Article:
Medico Emergency

Long term travel requires a healthy dose of optimism. Despite this there are a few disasters we constantly entertain such as failing transmissions, crooked policemen, identity theft, and the need for medical assistance in a foreign land.  We had the opportunity to experience the latter when Logan discovered a metal sliver embedded in his cornea while in Costa Rica.

There were no insurance forms to sign, no promises to retain responsibility for our own stupidity or lack of dexterity. Instead of the usual legal rundown, there was a five minute safety demonstration and then we were zip lining through the air, whizzing past trees and wildlife. Before you jump into the harness and fly off the platform you imagine a thousand different ways this could go wrong. Standing on a rickety wooden ledge built into a tree pushes your imagination into overdrive and following the simple instructions becomes a lesson in extreme focus. Knees bent, legs up, ankles crossed, head left, arm right, don’t squeeze the line, go! All the while you consider the height to pain ratio, the exact distance of the nearest hospital, and the likelihood of a monkey being involved in the terrible outcome. An hour later, our hearts still pumping from the rush, we appeared to emerge unscathed and agreed it was an excellent adventure, not too terrifying, not too easy, just right.

The thrill is evident in the facial expression

They say you should prepare for the worst and expect the unexpected. For these and other cliched warnings we purchased travel insurance hoping we would never have to use it. Despite his “safety” aviators, Logan realized the small metal sliver obstructing his cornea was firmly intact more than 12 hours later. We began researching our options for medical help and feared having to travel an hour away to the nearest hospital in Liberia. We checked with the town pharmacist first.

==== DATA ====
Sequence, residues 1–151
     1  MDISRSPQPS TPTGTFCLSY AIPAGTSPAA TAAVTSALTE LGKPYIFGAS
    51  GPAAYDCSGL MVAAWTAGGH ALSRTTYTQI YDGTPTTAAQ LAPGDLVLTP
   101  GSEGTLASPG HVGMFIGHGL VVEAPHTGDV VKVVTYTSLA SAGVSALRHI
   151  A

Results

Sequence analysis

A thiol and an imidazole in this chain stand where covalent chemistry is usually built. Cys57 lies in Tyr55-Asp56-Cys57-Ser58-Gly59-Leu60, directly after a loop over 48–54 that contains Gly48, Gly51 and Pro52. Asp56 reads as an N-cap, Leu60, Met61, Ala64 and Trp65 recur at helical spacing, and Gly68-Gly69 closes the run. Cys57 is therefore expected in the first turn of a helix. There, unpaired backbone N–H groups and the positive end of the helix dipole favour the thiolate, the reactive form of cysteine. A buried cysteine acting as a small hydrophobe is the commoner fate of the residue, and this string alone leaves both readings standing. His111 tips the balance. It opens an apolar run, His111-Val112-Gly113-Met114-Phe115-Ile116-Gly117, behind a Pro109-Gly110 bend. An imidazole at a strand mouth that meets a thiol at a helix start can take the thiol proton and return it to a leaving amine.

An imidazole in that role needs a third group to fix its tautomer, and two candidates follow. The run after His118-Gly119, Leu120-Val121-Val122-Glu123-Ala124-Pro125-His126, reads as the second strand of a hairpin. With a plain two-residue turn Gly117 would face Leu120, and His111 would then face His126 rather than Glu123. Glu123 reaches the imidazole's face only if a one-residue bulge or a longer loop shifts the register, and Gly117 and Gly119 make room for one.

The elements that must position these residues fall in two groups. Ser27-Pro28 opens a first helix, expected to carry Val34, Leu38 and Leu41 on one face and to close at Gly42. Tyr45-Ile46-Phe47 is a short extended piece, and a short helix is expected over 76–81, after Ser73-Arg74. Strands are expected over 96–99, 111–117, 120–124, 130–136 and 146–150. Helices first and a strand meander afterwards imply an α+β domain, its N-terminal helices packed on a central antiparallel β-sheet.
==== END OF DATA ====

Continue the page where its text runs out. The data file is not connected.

We found the local doctor two blocks away and entered the office hoping for the best and expecting the worst. Logan was not especially thrilled to have his eyeball poked at by a foreign doctor of unknown medical repute. Yet with each new development, we found ourselves breathing a collective sigh of relief.

 

About to head into the medical office

The waiting room had a comforting atmosphere reminiscent of the ones back home. We waited for our turn behind the two people ahead of us. 15 minutes later, Mother, Father, Wife, and patient marched into the doctor’s office together. We all looked rather worried and the doctor appeared a little baffled at the large group of anxious gringos before him. Logan explained that our Spanish was very limited to which the doctor replied with a smile, English was no problem for him. Things were looking up. The injured eye was numbed with a local anesthetic and the prodding began.

Now laid up on the examination table, the doctor peeled back the eyelid and got to work while Logan attempted to quell the instinctive spasms. The sight was too much to bear for the others and they filtered back into the doctor’s office wincing with every sound that emanated from the examination room.  Using a combination of gauze and q-tips, the doctor appeared to be making some progress. Just when we expected him to approach Logan’s retina with the dreaded tweezers, he indicated it was all over and we were free to go.

After ten minutes of breath holding and eyeball poking we paid the $50 bill, happy to have one of our greatest travel fears allayed.

Logan's first smile of the day and probably the doctor's first photo op